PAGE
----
An education series by the Sheridan Group has provided excellent insight on securing the right capital campaign chair and role of the honorary campaign chair. It is continually pointed out that the success of a campaign depends upon recruiting a strong leadership team. At the top of the list is obtaining the campaign chair. This position must recruit and solicit the leadership gifts committee, act as the public campaign spokesperson and lead. The chair must be an outstanding community leader who has time for the effort, a strategic thinker and a lead donor.
The chair must also determine if a co-chair scenario would work for them. Consideration should also be given to couples as co-chairs if they have the right characteristics for the job. The chair must have the capacity to give, interest in giving, and have contacts and leadership capability. Consideration must also be given to the recruitment of at least one honorary chair. As stated previously, the honorary chair must be known in the community and add a great deal of credibility to the campaign. The internal development campaign manager must be the orchestra leader of a variety of volunteers with specific roles to play in a capital campaign.
In my experience with directing a variety of capital campaigns in the fields of education, health care, religion and social services, I have found that having an honorary chair or chairs is a must for campaign success to occur. These individuals have typically been a capital campaign chair earlier in their career and are at the stage to help, but not too much. You must determine what role the honorary chair will play at the onset of their tenure.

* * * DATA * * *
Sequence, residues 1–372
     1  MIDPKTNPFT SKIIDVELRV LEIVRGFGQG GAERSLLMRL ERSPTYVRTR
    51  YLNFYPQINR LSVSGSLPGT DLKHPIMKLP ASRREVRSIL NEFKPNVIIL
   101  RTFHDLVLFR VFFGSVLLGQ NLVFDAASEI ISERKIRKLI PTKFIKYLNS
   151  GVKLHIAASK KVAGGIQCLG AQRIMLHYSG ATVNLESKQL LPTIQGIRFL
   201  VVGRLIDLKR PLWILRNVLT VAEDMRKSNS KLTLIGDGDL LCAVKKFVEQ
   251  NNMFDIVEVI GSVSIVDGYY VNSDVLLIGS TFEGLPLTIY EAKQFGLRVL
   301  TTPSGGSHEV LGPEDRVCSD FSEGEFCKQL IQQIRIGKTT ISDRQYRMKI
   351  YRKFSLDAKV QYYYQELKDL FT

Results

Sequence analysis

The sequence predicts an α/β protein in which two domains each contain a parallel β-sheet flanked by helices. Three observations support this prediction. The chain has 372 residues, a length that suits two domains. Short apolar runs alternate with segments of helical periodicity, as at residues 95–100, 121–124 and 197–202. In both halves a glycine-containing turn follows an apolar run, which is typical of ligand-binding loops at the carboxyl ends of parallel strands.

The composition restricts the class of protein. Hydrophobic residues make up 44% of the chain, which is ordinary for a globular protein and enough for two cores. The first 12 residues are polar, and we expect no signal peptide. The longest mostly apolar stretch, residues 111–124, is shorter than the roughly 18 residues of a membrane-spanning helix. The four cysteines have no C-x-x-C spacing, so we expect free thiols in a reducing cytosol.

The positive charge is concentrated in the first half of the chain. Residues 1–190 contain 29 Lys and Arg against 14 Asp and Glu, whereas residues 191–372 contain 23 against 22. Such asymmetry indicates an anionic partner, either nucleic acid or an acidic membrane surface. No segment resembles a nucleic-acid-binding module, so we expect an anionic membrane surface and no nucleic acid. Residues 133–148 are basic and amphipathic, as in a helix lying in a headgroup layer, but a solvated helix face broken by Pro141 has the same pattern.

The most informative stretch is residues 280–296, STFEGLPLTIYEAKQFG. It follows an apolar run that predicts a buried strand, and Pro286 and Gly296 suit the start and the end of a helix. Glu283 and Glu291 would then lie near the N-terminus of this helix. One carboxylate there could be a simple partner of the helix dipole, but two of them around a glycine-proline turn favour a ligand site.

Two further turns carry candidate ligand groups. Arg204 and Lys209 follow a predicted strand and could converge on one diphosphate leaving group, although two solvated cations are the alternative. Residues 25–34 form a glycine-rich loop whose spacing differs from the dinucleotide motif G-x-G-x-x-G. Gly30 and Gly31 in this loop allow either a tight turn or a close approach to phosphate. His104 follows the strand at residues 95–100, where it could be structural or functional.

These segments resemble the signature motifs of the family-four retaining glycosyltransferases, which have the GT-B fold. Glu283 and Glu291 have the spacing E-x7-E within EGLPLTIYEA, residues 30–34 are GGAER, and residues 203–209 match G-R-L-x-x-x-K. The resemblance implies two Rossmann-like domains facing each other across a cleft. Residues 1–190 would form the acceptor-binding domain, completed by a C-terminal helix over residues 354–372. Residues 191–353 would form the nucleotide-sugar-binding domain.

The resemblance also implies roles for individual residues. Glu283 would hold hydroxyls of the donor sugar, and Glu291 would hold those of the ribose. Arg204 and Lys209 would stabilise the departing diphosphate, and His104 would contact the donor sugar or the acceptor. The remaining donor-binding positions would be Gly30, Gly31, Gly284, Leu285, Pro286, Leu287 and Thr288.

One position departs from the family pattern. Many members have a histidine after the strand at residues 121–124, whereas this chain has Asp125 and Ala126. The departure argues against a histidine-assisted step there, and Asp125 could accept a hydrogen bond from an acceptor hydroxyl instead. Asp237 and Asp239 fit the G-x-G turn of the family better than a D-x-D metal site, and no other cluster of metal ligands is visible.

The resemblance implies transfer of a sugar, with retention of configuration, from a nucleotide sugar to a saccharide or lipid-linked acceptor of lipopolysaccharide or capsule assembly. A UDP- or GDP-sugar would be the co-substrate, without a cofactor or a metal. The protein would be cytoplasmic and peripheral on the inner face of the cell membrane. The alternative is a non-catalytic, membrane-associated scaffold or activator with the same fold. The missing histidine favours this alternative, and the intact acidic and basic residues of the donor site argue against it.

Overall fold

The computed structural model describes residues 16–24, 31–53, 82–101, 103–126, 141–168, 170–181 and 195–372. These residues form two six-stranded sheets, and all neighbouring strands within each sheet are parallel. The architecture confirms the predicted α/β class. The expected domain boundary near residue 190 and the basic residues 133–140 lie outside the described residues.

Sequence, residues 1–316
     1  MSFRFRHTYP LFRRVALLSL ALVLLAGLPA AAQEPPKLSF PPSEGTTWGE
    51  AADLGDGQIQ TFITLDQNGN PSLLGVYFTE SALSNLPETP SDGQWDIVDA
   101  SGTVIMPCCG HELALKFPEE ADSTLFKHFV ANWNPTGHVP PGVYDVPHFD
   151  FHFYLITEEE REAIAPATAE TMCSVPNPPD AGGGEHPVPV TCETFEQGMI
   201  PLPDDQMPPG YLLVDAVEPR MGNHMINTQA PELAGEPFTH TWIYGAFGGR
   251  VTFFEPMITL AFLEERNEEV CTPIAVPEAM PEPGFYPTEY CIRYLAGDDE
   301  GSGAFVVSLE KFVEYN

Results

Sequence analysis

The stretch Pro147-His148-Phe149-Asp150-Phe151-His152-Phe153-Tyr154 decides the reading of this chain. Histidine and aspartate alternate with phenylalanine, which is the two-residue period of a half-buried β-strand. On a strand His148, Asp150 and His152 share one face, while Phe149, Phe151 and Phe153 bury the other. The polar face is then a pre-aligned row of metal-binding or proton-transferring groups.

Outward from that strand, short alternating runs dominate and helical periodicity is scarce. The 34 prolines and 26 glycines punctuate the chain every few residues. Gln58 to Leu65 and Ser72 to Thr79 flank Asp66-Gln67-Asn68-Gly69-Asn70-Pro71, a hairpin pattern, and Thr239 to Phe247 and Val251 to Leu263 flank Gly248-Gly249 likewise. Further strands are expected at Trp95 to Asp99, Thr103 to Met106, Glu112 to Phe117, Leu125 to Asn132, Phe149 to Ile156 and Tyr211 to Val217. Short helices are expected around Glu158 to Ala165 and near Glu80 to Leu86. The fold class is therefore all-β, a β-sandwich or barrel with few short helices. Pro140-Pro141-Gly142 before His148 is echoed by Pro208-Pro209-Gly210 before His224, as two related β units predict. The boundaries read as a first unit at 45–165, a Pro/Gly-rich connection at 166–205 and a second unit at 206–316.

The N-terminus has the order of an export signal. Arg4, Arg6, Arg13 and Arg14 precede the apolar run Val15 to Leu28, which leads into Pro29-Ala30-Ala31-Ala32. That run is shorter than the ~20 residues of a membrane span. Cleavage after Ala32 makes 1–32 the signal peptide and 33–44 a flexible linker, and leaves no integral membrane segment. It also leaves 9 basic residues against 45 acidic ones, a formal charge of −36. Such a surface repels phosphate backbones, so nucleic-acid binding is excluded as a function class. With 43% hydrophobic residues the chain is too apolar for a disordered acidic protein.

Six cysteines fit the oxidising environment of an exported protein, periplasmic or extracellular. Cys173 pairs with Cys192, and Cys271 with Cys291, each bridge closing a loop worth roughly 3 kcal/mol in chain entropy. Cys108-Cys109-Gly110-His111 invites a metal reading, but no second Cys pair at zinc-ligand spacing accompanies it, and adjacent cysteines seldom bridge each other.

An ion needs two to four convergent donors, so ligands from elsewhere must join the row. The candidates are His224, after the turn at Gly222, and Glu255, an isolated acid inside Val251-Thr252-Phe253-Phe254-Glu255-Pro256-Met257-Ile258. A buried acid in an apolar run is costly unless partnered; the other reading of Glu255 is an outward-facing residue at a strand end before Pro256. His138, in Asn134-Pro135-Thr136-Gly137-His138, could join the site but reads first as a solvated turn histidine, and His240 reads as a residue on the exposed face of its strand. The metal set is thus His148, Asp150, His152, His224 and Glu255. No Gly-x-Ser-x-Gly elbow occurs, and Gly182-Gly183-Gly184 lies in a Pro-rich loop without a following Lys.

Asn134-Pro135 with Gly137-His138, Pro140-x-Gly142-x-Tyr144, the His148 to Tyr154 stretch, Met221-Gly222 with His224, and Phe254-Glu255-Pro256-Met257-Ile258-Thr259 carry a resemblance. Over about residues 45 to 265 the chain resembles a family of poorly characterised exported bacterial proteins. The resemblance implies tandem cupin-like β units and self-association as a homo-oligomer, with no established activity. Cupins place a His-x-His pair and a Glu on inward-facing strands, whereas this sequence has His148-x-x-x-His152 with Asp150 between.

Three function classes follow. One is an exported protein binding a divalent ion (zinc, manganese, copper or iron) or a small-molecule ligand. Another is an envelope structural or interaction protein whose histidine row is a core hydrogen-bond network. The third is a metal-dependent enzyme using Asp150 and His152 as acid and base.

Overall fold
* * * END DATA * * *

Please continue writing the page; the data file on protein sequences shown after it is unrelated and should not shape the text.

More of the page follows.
If campaign chairs and honorary chairs agree to work together, beautiful harmony will be made. If not, issues will follow that will affect not only the honorary chair, but the campaign chair as well. Do your planning and homework in the pre-campaign planning phase to determine who will be asked to serve in these important campaign leadership roles. In addition to the campaign chair, make sure you secure a committed and visible honorary chair, which is a must for campaign success.
Duke Haddad, Ed.D., CFRE, is currently associate director of development, director of capital campaigns and director of corporate development for The Salvation Army Indiana Division in Indianapolis. He also serves as president of Duke Haddad and Associates LLC and is a freelance instructor for Nonprofit Web Advisor.
He has been a contributing author to NonProfit PRO since 2008.
He received his doctorate degree from West Virginia University with an emphasis on education administration plus a dissertation on donor characteristics. He received a master’s degree from Marshall University with an emphasis on public administration plus a thesis on annual fund analysis. He secured a bachelor’s degree (cum laude) with an emphasis on marketing/management. He has done post graduate work at the University of Louisville.
Duke has received the Fundraising Executive of the Year Award, from the Association of Fundraising Professionals Indiana Chapter. He also was given the Outstanding West Virginian Award, Kentucky Colonel Award and Sagamore of the Wabash Award from the governors of West Virginia, Kentucky and Indiana, respectively, for his many career contributions in the field of philanthropy. He has maintained a Certified Fund Raising Executive (CFRE) designation for three decades.